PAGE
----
On August 8, a power outage at Delta Air Line’s hub in Atlanta forced the airline to ground thousands of flights across its system. Although its computers came back online several hours later, the outage escalated into delays and cancellations that rolled into the next day, affecting tens of thousands of passengers. More than 1,000 of fliers were stranded in Tokyo alone, forcing them to sleep overnight at the airport.
The incident follows what Southwest Airlines encountered last month, where technical problems forced the carrier to ground hundreds of flights and even brought down its website; Southwest had to deal with further cancellations and delays that reverberated from the outage, even after its system came back on. CEO Gary Kelly told the Dallas Morning News that the cause was a router that failed and did not trigger the backup.
“It is a shame that the airlines are forcing people to use their online systems more”
And last year, United Airlines grounded flights after a computer glitch brought down its network, which the airline also attributed to a router. This was preceded by computer problems in 2014 and 2012 that also affected United’s operations. Both JetBlue and American Airlines also suffered similar issues in the past year.
Notice a pattern here? Though airlines are striving to make their operations and products more connected, they are relying more and more on computers to handle the work. According to SITA’s 2016 Airline IT Trends Survey, 68 percent of airlines plan to invest in Internet of Things-related products and services, from mobile check-in to airplane diagnostics.
The problem, as the Wall Street Journal points out, is that despite upgrades, airlines are still using IT systems that date back to the 1990s. Southwest, for example, has been using a “kludgy hodgepodge of technology systems,” Bloomberg reports, that have been in use for most of the airline’s 45-year history. Whether it’s a power outage or computer malfunction, the fact that a glitch in Atlanta could bring down Delta’s global network, with no redundancy to pick up the slack, is troublesome. According to Wired, Delta’s backup plan only delivered power back to the lights, but not the servers.
And, as airlines continue to push customers and employees toward computer-based automated systems, there’s no human backup in place either. “It is a shame that the airlines are forcing people to use their online systems more (by charging for certain bookings over the phone and having long waiting times) and as long as this is the trend, there will always be big problems with things like this,” travel expert Charles Barkowski told Digital Trends. He runs the website, Running With Miles, and recently had to deal with a similar situation.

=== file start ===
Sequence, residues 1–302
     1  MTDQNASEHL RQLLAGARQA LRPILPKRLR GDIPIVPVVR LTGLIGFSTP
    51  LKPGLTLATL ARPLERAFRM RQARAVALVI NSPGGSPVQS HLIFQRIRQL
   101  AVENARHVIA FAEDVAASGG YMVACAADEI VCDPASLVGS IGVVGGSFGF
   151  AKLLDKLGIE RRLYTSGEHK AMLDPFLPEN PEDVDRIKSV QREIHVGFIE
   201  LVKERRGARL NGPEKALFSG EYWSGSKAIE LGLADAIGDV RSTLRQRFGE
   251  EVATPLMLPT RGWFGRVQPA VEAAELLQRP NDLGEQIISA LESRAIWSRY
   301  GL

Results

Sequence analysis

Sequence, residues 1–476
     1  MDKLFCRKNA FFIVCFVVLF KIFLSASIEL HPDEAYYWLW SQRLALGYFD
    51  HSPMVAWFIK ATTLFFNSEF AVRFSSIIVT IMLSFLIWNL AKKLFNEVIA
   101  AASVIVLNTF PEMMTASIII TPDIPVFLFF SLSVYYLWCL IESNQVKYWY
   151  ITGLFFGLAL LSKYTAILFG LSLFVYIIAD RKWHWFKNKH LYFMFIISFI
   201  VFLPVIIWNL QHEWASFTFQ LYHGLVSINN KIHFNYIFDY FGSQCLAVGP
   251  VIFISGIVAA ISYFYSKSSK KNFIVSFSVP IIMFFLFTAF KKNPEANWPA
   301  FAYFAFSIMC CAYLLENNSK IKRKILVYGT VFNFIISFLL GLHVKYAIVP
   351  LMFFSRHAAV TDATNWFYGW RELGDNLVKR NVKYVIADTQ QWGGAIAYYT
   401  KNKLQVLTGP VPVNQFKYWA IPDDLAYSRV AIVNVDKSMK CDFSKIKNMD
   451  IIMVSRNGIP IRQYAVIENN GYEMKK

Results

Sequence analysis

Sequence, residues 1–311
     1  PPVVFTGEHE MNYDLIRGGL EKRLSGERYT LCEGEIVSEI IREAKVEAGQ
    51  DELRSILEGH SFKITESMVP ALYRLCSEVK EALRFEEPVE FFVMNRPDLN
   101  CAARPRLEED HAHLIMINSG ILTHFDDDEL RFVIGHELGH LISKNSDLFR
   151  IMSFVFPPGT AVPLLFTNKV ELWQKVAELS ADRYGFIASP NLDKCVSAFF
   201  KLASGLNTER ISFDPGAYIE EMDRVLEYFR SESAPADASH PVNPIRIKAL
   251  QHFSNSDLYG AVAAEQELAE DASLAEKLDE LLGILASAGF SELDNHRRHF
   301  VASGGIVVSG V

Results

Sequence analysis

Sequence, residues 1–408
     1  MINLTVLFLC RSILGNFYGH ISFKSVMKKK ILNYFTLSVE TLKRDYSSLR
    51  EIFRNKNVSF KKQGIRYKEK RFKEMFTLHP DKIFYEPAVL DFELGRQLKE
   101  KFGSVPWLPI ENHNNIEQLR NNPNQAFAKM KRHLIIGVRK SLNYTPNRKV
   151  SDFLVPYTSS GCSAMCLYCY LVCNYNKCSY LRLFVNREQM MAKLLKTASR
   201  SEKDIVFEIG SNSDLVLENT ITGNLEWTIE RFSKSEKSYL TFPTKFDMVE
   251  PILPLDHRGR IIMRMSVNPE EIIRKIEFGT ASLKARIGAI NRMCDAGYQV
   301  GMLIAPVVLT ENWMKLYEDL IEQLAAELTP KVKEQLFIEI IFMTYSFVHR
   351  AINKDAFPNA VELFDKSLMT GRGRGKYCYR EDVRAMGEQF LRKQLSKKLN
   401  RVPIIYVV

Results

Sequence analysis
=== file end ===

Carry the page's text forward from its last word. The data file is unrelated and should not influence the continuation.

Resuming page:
IT meltdowns are becoming the norm, regardless of the airline you fly with. While they don’t occur often, it’s enough of a hit to both customers and the airlines when they do. But, hopefully, operations will improve: In the same SITA survey, a majority of airlines plan to increase spending on IT.
But until then, should you find your trip disrupted by a computer glitch, here are some things you can do to lessen the impact.
Quickly reschedule or cancel
If you’re flying an airline that suffered a computer outage and you have the option of postponing your flight, this may be your best option. Most likely, the airline will need to alter its schedule through cancellations, in order to get its operations back on track.
“If I was not in a hurry, there are many opportunities for bumping to later flights and getting flight vouchers as a result of the delays and cancellations,” Barkowski said.
“If I was not in a hurry, there are many opportunities for bumping to later flights”
Getting on an immediate flight may be challenging – as mentioned, there will likely be cancellations or delays in the days following an outage – but instead of moaning or getting upset, quickly log into the airline’s app to check for options; don’t stand in line to talk to airline personnel. (If you’re an elite member of an airline’s frequent flier club, Barkowski said, use the program’s tools available to you, like a dedicated customer service number.) You may be able to quickly snag a seat on one of the few flights available in the next day or two. Some airlines will automatically rebook you on the next available flight, but check to make sure the new flight date and time works for you. And, the earlier you rebook, the better are your chances of finding a seat on the next available flight (remember, other affected passengers are also trying to rebook).
For affected travelers the airline will waive the fees that are normally tacked onto flight changes, but be sure to check when is the last day you could so. Note other clauses, however: You may have to pay for a price difference if you rebook on a flight outside the allotted time, for example.